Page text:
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Look at the pretty flowers! Now, look at them closely. They
are different colors and different shapes. They have
different scents. The differences we are going to notice
today are the way they are arranged on the stems. This
arrangement is called "inflorescence" (pronounced "in-floor-
ess-enss"). We see that the California Poppy, our state
flower, grows one blossom at the very tip of the stalk
(stem). Dandelions bloom that way, also. Some kinds of
daisies have a main stalk with a blossom at the very top, and
along the main stem (or stalk), smaller stalks grow, with
leaves in the same arrangement as on the main stalk, and
blossoms at the very end.

Geraniums grow a straight stalk, which is really called a
"peduncle" (pronounced "ped-ung-k'l"), from the main stalk,
and then a cluster of buds grows out of the very end of the
peduncle. Flowers bloom, one from each bud.

Delphiniums blooms are in spikes. That means the flowers
grow out from the main stalk, one above the other. The first
flowers to bloom are closer to the ground than the later
ones. The blossoms at the very top are the newest ones.

Some plants will grow peduncles out from the main stalk,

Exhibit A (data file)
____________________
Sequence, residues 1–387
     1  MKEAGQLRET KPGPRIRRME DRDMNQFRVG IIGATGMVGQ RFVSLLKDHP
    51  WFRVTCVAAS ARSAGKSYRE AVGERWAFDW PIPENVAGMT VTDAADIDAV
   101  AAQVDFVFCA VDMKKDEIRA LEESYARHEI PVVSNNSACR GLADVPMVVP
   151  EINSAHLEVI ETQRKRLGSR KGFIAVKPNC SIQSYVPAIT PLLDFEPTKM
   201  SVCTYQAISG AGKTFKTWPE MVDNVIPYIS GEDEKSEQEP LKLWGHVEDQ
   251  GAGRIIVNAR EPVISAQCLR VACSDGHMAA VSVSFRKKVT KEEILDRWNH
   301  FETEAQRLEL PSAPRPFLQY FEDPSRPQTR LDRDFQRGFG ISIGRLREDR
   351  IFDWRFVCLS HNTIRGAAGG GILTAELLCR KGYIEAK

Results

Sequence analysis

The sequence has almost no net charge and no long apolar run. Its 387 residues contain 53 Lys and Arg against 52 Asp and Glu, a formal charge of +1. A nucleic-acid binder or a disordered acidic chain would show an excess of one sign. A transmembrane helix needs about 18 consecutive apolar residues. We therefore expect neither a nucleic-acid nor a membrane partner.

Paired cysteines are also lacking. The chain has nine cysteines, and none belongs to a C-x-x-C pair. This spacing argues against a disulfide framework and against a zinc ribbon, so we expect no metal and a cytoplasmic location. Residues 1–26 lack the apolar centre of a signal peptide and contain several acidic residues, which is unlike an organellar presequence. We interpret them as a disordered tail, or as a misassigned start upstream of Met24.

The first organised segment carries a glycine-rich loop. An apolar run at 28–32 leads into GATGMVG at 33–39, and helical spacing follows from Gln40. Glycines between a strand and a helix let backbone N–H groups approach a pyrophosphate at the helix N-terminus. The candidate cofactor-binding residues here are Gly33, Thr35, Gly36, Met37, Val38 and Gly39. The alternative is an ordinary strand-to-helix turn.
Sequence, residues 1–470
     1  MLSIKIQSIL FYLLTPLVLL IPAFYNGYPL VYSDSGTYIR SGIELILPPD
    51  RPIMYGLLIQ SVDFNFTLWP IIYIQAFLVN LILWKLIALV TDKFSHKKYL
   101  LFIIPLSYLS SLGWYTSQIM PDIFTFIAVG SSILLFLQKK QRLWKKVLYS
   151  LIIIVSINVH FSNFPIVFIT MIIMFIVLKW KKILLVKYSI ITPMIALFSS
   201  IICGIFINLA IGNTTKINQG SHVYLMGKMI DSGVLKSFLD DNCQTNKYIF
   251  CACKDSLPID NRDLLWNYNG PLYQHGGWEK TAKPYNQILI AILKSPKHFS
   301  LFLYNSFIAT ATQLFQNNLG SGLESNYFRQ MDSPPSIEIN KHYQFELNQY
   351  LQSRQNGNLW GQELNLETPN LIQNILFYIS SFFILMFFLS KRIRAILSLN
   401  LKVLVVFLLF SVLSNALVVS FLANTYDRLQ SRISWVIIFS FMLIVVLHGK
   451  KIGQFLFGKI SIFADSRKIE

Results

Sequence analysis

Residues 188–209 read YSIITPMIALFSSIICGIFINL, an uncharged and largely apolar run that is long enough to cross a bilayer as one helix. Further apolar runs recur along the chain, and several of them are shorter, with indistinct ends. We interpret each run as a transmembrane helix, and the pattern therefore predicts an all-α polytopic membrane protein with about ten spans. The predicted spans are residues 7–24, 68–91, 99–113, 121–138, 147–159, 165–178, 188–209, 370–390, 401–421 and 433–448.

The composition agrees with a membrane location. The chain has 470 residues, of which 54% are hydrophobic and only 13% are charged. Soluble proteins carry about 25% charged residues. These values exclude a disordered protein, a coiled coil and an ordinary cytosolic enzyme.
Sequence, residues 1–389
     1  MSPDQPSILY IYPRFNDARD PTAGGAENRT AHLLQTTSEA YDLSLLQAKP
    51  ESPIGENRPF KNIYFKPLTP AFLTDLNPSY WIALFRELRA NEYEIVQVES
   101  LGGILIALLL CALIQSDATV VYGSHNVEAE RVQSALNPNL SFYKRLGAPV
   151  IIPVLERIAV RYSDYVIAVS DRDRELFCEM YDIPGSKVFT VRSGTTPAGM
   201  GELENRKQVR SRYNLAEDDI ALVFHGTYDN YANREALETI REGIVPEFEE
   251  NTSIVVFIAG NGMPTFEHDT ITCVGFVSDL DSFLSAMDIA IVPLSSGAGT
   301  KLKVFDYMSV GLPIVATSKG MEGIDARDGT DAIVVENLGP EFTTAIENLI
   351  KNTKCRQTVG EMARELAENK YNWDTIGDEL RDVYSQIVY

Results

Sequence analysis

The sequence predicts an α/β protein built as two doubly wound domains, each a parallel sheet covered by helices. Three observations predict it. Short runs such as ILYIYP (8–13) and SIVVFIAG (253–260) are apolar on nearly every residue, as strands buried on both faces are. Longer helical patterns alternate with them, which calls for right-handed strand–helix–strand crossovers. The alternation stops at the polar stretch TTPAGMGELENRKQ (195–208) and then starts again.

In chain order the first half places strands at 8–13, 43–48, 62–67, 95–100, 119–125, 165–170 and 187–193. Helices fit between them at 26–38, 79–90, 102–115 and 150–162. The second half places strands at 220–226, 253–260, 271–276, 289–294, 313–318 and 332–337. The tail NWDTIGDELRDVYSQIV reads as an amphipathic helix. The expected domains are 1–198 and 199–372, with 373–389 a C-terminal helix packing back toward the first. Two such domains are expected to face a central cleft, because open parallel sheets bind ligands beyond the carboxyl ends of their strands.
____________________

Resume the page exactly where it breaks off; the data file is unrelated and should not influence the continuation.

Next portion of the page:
leaves and flowers will grow along the peduncle, and then
smaller stems called "pedicels" (pro-nounced "ped-i-sells")
will grow ot from the peduncle. Each pedicel will support
one flower.

Often, very large flowers bloom alone and smaller flowers
grow in some kind of cluster, so that there are many flowers
together. One of the jobs a flower has to do is to attract
birds and insects to it for pollination. Since one very
small flower would not be big enough or bright enough to
attract an insect or bird, the very small flowers bloom in
clusters so they will be easy to find. Some flowers attract
by their colors, and some attract by their fragrance.

There are eight different basic types of inflorescences. A
good project would be to collect samples of as many types as
you can find, and try to decide why the flowers are arranged
on their stems in the particular way you see them.

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